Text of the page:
My relationship with the studio…

Generally, I love my studio.  It’s the best place in the world.  It’s cool in the sweltering heat, and contains everything I need to work.  I can make a mess down here, and no one minds.  It has good light, is comfortable, and has lots of storage. I can work at my desk, the sewing station, or the long counter, and if I want to do some computer work, read, or sketch, I can sit on the loveseat in front of my main desk.  It is a happy place.

As a professional artist,  I make deals with myself for studio time. I must be down there on work days. I am allowed upstairs to make lunch, and unless I am actually working on the computer, it is not downstairs with me, as it can be too distracting.  On studio days, which I try to schedule ahead of time, I try my hardest to let nothing interrupt.  No going for coffee with a friend in the middle of the day.  No supply runs during studio time. I find that these “flexibilities” are often just excuses when I feel stuck on something, or just plain don’t want to be there.  It happens.  Sticking with my 9:00-5:00 schedule helps me to take myself seriously.  I don’t always need to be doing serious work during this time, but I do need to be down there, not on the computer, and not reading books for pleasure (unless they’re directly related to research).  If nothing is coming, I doodle.  Or stare at the wall.  Or clean up.  Pull stuff out and look at it. Sketch.  Flip through older sketchbooks. Usually just spending some time in the space helps me to loosen up and let things percolate.  I have lots of things in various stages, or that I’m not sure if I’ve finished yet- they need time to sit with me for a while before I know what they need.  Just having things in my line of sight helps them stay in the forefront of my mind.

Sometimes it flows, and sometimes it’s the last place I want to be, if I’m feeling tired, or stuck on something. Sometimes I feel like I’m clawing at the walls, trying to get out. Even on these days, I have to be there until the end of the day.  If this means I need to pull out something completely different than what I’ve been doing, then so be it (like the paintings above). While I know that the common concept of an artist is that they must be “inspired” to work, I often find my best stuff comes out if I push it a little.  The pushing helps me to make work that I maybe wouldn’t have made if I hadn’t kept my rule, such as these drawings of Morphoid skin cells.  It also helps me to finish up things that maybe I haven’t finished yet, or that should be tweaked or altered.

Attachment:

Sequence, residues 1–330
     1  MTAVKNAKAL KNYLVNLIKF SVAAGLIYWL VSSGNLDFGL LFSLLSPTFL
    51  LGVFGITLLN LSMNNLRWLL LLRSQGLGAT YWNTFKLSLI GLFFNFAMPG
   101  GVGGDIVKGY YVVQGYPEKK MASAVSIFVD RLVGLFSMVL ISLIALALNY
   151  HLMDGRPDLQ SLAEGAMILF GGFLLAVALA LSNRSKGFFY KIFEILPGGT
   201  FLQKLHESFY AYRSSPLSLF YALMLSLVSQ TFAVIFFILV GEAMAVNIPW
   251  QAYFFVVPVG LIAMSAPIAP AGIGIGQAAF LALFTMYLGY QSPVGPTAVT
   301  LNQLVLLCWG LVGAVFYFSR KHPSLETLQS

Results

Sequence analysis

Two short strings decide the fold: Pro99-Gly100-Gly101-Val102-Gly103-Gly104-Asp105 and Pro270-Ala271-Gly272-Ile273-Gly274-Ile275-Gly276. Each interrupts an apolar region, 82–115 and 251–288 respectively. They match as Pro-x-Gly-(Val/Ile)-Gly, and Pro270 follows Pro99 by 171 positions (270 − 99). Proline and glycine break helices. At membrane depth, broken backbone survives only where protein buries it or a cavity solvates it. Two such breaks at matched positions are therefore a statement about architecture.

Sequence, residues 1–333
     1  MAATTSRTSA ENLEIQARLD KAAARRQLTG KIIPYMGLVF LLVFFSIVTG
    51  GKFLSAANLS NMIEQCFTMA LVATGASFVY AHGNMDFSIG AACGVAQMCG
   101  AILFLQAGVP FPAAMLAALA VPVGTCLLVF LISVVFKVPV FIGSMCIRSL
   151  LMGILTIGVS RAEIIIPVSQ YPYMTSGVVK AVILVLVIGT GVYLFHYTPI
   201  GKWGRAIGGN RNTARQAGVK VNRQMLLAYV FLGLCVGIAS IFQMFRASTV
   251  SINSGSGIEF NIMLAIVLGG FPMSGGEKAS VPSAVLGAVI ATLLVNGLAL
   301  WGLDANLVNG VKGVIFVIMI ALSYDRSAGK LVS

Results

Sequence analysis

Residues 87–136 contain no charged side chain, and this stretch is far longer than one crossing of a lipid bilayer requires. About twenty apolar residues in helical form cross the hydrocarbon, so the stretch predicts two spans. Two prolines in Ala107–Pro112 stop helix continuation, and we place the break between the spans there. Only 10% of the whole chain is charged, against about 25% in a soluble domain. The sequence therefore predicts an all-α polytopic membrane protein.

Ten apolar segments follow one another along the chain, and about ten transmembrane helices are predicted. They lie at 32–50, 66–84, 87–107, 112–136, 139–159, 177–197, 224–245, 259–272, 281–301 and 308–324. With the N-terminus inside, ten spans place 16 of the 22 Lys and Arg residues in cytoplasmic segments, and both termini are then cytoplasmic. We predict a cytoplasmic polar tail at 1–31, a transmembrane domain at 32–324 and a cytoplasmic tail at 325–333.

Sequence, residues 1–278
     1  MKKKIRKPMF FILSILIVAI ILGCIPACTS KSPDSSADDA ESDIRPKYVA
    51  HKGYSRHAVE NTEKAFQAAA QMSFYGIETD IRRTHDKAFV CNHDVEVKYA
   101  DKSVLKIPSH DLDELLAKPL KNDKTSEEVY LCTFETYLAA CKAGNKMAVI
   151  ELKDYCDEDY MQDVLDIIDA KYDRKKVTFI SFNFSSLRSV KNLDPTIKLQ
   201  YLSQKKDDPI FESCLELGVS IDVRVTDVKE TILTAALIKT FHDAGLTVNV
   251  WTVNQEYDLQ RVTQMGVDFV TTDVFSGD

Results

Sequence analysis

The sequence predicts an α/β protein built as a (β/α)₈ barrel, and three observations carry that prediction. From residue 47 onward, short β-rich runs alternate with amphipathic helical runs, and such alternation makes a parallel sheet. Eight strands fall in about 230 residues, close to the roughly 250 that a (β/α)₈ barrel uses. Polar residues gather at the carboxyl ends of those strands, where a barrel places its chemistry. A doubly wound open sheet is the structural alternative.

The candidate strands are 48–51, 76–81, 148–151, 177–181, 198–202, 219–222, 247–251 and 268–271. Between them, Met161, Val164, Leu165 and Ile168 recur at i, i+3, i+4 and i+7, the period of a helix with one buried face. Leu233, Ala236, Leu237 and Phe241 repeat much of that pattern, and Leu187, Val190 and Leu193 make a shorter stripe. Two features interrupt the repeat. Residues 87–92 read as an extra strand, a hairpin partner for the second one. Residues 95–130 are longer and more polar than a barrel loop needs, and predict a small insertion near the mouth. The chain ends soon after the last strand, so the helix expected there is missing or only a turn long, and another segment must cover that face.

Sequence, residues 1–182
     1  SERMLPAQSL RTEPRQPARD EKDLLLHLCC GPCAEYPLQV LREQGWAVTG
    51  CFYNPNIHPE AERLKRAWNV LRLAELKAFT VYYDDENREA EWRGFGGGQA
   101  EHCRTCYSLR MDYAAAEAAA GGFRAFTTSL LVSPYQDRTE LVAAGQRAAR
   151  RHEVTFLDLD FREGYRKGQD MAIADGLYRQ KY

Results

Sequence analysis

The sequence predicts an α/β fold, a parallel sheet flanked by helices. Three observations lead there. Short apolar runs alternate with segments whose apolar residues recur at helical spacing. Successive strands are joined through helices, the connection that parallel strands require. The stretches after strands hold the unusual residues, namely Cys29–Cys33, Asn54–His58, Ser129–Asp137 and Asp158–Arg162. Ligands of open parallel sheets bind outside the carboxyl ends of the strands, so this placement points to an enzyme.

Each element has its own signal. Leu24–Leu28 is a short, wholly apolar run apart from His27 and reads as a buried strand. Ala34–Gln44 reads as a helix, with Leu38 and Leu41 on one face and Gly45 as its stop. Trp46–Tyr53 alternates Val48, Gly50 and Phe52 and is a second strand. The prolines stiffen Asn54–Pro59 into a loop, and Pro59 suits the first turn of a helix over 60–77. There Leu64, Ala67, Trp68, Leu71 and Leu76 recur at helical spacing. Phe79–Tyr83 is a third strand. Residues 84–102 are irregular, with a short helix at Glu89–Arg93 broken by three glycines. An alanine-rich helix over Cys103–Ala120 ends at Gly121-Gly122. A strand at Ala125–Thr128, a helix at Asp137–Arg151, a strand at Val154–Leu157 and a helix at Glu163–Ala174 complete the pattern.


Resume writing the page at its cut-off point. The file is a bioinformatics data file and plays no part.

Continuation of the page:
I work in my sketchbook in this time, and on the train, and I make a lot of lists- things to do, supplies I need, etc.  I also use the time to work on writing proposals if I feel stuck, or behind on that.  That often reminds me about ideas I’ve had and gets me excited about things again, kickstarting the process.

They say that it takes 10,000 hours to be a master at something. And I believe that to be an artist, you have to make things.  Not just once, but every day, or almost every day.  It has to be always in your mind.  It’s so easy to slip out of the habit, and once you do, it’s much harder to get back into it.  The easiest way for me to keep things moving along is to simply put in the time, whether I feel like it or not.

Sometimes it’s an incredibly tough battle.

3 Replies to “My relationship with the studio…”

  1. Good post on an important topic, Jen. Discipline is about doing the work. Consistently & persistently. I’m all in favor of inspiration, but it would be easy to rely on it too much, like a crutch. Do the work… and creating is work. Make new work, finish old work, read about a master’s work, look at someone else’s different style of work, look into a new technique or material that can be used in work, kick back and brainstorm ideas for possible work, whatever. 🙂

    Having a work space can be key in that discipline. I’m like you in a way, I need a work space… when I’m in that space I’m keeping myself focused on doing work. Unfortunately since I don’t work nearly as much with physical materials but mostly in the digital space, I have to fight (often not well) to avoid all the distractions the technology brings… 🙂

    1. Yeah, it is a constant struggle, and the best way I’ve found to deal with it is to make myself some guidelines. Sometimes it’s the easiest thing in the world, and sometimes its not, but having a good foundation helps!

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